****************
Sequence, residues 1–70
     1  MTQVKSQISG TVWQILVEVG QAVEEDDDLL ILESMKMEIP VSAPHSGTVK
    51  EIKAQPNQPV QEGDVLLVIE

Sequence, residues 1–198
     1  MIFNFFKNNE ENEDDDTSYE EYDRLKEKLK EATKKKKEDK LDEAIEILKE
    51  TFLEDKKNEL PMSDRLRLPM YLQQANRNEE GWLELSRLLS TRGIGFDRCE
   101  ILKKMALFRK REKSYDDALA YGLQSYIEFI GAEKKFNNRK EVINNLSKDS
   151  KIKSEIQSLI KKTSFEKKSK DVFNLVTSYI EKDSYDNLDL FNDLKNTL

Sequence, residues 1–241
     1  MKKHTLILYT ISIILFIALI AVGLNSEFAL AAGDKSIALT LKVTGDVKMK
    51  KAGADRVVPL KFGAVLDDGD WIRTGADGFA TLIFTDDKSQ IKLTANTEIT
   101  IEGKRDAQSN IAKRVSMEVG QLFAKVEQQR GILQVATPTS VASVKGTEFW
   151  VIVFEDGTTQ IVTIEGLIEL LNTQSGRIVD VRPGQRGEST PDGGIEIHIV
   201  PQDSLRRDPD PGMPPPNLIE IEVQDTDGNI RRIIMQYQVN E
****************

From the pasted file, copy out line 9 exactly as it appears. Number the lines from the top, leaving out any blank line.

Sequence, residues 1–241